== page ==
Two months ago, my birthday present from my family was an iWatch which its biggest component is a fitness tracker. So when I stumbled upon the article “Fitness Trackers Might Help Us Live Longer (if Only We Used Them)” I was interested to see what they said as I recently caught the wave of using a fitness tracker. This article uses two different pieces of research, one by the American Journal of Epidemiology and the other published by The Lancet Diabetes and Endocrinology, to investigate the impacts of fitness trackers and the motivations to use it. The first journal focuses on the question of if the data from fitness trackers actually correlates with your health. It uses 4000 people and conducts a quantitative study over a long period of time in order to compare who lived longer; those who used fitness trackers or those who didn’t. The next journal focuses on the question of motivation to use fitness trackers and was more of a qualitative. They used three groups, one that was payed, one that was given a donation to their favorite charity, and one that was given nothing. So two experimental and one control group in which they changed variables in the first two. These groups were compared to see which group would exercise more. They then took away those benefits and compared the first set of results to the second to see if there was a difference.
First research that the article talks about is a stratified random sample of 4000 middle aged men and women. Nothing else is known about how they are selected but the data collected from them were on a nominal level with item to total reliability. The article aimed for prediction validity by attempting to show that those who wore fitness trackers lived longer than those who didn’t. On the other hand, the second journal was discussed more specifically in the news article. Using non-probability sampling, it was on a partially volunteer basis of 800 office workers from Singapore. Regardless of the different methods, I don’t believe that either are very representative samples as one was of only middle aged men and women rather than all ages and the others were office workers in a different country who weren’t regularly active in their day to day lives.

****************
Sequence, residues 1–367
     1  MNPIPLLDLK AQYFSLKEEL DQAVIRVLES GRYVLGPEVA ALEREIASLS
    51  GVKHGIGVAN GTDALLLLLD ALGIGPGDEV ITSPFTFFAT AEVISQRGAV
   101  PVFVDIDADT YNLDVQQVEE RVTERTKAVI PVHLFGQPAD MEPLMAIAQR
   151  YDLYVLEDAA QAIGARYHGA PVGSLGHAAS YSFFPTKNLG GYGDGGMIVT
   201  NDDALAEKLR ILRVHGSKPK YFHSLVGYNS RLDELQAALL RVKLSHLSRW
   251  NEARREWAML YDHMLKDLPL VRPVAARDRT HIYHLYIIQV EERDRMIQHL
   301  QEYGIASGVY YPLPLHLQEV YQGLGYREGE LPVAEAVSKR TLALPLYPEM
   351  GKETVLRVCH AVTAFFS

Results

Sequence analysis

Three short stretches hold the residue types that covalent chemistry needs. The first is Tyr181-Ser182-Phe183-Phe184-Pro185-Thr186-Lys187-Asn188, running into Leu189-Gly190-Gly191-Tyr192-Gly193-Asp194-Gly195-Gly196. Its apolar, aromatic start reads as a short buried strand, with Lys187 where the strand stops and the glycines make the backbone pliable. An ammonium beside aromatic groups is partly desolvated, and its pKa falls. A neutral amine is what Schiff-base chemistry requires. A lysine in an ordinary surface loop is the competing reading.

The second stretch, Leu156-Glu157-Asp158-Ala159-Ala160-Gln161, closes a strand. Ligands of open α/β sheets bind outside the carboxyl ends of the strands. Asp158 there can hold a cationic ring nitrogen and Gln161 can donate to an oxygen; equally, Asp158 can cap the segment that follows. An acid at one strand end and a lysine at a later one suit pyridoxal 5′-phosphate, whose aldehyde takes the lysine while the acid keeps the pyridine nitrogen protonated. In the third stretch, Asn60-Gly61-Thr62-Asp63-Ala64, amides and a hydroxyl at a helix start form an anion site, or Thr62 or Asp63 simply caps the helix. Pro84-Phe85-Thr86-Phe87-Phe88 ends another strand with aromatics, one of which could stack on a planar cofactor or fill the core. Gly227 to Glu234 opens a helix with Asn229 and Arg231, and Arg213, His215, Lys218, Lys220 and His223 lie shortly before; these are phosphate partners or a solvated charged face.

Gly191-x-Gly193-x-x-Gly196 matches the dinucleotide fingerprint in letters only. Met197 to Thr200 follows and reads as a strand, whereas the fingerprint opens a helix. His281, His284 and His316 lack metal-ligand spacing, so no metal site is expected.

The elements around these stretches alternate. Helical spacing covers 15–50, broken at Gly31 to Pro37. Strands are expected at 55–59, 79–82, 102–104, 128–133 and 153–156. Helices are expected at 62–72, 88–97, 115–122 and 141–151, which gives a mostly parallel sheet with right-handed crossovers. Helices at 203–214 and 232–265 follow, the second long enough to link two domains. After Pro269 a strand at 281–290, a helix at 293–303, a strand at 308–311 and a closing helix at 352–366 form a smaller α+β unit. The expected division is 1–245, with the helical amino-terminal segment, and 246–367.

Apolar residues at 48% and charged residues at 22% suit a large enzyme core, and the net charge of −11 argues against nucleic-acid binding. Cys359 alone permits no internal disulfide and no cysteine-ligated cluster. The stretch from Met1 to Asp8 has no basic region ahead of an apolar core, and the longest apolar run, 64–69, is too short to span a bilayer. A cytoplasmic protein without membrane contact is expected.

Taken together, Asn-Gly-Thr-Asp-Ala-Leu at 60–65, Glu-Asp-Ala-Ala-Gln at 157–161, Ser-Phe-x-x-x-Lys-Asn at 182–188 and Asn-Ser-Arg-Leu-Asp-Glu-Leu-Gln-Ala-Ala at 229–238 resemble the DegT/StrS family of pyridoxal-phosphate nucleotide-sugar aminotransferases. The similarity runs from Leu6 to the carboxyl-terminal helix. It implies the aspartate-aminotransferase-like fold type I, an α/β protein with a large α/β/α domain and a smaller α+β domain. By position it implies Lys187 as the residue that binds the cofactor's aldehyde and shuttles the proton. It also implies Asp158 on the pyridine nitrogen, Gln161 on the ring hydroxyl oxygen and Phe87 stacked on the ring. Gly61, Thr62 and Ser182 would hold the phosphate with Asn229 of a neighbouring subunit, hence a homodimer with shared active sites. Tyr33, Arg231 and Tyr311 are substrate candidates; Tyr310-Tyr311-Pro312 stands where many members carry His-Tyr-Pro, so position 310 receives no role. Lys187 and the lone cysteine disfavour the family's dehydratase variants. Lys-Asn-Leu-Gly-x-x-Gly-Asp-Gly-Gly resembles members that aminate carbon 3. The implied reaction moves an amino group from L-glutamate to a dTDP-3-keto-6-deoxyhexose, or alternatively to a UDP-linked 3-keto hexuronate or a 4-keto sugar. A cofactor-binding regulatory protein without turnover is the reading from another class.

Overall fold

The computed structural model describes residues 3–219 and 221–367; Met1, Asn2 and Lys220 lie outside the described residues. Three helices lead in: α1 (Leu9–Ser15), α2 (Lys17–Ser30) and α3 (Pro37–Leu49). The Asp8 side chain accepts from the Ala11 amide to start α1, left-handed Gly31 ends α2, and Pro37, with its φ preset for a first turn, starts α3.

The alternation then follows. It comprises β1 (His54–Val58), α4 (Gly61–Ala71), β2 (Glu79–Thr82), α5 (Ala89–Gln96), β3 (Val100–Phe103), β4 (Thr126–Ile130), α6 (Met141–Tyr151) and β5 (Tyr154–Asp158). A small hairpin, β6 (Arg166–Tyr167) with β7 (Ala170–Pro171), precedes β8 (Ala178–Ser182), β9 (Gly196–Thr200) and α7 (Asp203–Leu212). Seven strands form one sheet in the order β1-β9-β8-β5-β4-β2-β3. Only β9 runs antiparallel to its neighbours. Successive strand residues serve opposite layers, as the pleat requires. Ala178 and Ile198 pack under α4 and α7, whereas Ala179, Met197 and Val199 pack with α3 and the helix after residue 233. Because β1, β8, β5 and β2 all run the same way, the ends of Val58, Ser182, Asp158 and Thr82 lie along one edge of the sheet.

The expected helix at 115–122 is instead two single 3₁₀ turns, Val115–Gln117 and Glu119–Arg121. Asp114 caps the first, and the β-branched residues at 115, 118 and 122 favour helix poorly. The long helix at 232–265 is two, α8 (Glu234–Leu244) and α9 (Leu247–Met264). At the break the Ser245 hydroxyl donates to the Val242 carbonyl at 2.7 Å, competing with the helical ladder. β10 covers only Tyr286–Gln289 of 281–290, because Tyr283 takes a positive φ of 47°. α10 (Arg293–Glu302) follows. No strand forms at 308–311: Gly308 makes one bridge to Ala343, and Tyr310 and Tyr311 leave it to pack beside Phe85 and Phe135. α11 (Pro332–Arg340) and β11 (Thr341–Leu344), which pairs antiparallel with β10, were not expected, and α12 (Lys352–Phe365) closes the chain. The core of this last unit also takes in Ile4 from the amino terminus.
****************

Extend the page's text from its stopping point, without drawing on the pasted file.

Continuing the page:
The research itself was done using experimental research as the experimenters manipulated certain variables to see if there was a cause-effect relationship. This made it easy to see the impact of the research done and provided clear results. The first journal had a very simple experimental research, it tracked middle aged men and women for ten years and checked to see who had died in those ten years. It showed that those who wore a fitness tracker were more likely to be alive than those who hadn’t. The next journal’s research was a little more complex. It took 800 office workers and had three groups, a control, and two variable manipulations. Then they got rid of the variable manipulation to see if the manipulation had an impact on the results. Ultimately, the way the research was conducted was pretty straight forward and was simple to understand logically as the reader.
But I always come back to the question of, would a rational person invest in a fitness tracker? It wouldn’t hurt. I wouldn’t run to the store immediately to grab one as it probably won’t make you more fit. But if you are looking for a way to track your progress this is probably one of the best ways to do it.
Reynolds, Gretchen. “Fitness Trackers Might Help Us Live Longer (if Only We Used Them).” The New York Times. The New York Times, 02 Nov. 2016. Web. 27 Nov. 2016.